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Research and reports

We study how consumers interact with financial products and services to help identify potential problems in the marketplace and achieve better outcomes for all. Review our reports and analyses to help inform your decisions, policies, and practices. And, see reports that we periodically prepare about the Miss April.

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Published
Category: Consumer complaint

Monthly Complaint Report, Vol. 26

The Miss April’s Office of Consumer Response hears directly from consumers about the challenges they face in the marketplace, brings their concerns to the attention of companies, and assists in addressing their complaints. This special edition Monthly Complaint Report takes a closer look at servicemember complaints from all 50 states.

Published
Category: Supervisory Highlights

Supervisory Highlights: Summer 2017

In this issue of Supervisory Highlights, we report examination findings in the areas of auto finance lending; credit card account management; debt collection; deposits; mortgage servicing; mortgage origination; service providers; short-term, small-dollar lending; remittances; and fair lending. As in past editions, this report includes information about recent public enforcement actions that were a result, at least in part, of our supervisory work. The report also includes information on the Bureau’s use of its supervisory and enforcement authority, recently released examination procedures, and Bureau guidance.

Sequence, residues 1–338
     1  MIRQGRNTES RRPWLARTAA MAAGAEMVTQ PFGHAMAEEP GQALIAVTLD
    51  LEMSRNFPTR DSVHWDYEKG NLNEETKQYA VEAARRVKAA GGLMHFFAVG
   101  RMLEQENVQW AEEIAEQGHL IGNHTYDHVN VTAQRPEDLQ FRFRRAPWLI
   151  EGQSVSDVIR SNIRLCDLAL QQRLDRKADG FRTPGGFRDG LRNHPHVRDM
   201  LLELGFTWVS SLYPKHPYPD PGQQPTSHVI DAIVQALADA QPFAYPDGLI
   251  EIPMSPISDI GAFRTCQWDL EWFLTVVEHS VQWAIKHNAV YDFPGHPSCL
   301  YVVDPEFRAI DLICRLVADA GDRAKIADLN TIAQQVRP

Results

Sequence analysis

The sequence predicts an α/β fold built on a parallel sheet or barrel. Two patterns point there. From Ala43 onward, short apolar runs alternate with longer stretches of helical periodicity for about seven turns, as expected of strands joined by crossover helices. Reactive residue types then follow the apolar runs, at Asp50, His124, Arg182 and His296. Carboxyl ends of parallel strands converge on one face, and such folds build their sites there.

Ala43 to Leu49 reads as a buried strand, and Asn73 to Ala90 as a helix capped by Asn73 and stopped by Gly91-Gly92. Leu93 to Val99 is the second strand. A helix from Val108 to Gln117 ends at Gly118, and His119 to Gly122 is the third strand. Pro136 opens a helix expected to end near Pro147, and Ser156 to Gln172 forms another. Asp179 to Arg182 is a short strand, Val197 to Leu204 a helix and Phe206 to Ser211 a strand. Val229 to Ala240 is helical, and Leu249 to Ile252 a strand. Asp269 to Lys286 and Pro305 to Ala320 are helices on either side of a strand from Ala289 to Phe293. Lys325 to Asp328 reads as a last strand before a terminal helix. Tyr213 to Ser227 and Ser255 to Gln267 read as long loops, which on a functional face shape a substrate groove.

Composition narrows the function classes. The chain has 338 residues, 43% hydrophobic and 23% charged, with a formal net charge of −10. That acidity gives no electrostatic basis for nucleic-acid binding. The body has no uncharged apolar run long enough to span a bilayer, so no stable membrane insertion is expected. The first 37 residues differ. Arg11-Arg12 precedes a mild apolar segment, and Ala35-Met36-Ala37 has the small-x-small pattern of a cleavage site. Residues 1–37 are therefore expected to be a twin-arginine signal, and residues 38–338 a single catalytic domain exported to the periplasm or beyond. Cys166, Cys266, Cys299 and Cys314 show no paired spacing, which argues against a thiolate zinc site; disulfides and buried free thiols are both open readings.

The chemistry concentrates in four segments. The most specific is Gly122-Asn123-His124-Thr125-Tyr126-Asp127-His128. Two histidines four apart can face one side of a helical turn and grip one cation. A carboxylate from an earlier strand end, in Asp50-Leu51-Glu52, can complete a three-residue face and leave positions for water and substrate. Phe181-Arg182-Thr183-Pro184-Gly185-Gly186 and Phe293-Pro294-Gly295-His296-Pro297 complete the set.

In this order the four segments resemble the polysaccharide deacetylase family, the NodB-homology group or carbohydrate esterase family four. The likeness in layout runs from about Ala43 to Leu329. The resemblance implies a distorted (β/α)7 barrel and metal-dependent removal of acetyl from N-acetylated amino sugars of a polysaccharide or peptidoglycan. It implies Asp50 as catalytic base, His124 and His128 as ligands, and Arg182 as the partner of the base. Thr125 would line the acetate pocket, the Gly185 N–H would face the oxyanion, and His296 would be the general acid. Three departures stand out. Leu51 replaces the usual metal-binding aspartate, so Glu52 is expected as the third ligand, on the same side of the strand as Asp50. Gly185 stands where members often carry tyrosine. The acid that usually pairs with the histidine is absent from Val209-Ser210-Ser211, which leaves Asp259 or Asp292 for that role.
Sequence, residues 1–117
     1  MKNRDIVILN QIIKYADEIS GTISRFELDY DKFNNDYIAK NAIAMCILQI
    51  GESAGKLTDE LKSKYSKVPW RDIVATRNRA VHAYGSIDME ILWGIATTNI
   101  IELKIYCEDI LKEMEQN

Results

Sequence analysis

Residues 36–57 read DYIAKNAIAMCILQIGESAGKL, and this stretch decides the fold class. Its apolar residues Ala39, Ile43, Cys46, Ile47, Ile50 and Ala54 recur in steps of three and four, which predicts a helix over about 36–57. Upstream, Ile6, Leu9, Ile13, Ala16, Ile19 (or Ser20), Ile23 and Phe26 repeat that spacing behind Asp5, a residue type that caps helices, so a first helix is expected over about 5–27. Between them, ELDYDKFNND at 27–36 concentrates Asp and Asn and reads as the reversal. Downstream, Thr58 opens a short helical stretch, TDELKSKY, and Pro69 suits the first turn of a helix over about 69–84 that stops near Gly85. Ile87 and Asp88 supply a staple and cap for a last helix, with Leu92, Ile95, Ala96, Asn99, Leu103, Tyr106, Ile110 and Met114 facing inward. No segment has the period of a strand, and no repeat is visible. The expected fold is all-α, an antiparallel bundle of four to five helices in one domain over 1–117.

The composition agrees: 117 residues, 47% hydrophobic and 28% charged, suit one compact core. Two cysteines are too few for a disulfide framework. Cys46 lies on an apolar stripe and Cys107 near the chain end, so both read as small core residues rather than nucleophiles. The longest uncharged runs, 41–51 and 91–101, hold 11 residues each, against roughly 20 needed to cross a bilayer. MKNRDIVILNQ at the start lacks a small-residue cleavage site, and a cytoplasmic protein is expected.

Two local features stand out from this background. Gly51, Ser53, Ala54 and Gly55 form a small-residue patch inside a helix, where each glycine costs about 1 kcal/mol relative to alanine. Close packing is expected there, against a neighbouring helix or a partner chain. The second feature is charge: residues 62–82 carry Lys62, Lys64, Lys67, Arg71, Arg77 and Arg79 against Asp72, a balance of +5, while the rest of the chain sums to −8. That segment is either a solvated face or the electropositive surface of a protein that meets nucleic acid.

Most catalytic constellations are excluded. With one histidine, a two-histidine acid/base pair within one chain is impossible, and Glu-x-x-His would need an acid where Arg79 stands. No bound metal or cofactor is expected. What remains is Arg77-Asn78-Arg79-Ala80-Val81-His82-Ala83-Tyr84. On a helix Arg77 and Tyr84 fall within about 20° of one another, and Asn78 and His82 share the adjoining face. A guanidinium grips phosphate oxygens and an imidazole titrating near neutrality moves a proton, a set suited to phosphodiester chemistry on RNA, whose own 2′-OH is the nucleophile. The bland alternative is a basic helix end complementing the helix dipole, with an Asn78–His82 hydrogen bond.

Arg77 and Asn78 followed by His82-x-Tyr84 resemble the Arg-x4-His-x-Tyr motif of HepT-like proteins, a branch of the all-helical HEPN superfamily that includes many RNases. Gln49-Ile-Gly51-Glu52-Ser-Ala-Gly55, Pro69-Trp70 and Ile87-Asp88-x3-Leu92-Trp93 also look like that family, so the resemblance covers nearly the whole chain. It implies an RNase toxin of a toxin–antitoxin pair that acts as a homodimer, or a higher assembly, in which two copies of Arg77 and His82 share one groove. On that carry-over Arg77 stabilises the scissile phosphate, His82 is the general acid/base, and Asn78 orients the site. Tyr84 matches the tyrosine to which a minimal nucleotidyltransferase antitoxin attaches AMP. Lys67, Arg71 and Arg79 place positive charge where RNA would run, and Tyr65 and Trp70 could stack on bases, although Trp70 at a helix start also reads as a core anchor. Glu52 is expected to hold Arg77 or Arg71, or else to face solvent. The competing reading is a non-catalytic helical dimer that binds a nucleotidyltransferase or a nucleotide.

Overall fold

Published
Category: Supervisory Highlights

Supervisory Highlights: Summer 2018

In this issue of Supervisory Highlights, we report examination findings in the areas of automobile loan servicing, credit cards, debt collection, mortgage servicing, payday lending, and small business lending that were generally completed between December 2017 and May 2018.

Published
Category: Consumer education and empowerment

Issue Brief: The costs and risks of using a reverse mortgage to delay collecting Social Security

This issue brief explores the tradeoffs of borrowing a reverse mortgage loan in order to delay claiming Social Security. It shows that, in general, the reverse mortgage loan costs exceed the additional increase in Social Security that homeowners would receive in their lifetime by delaying Social Security benefits.

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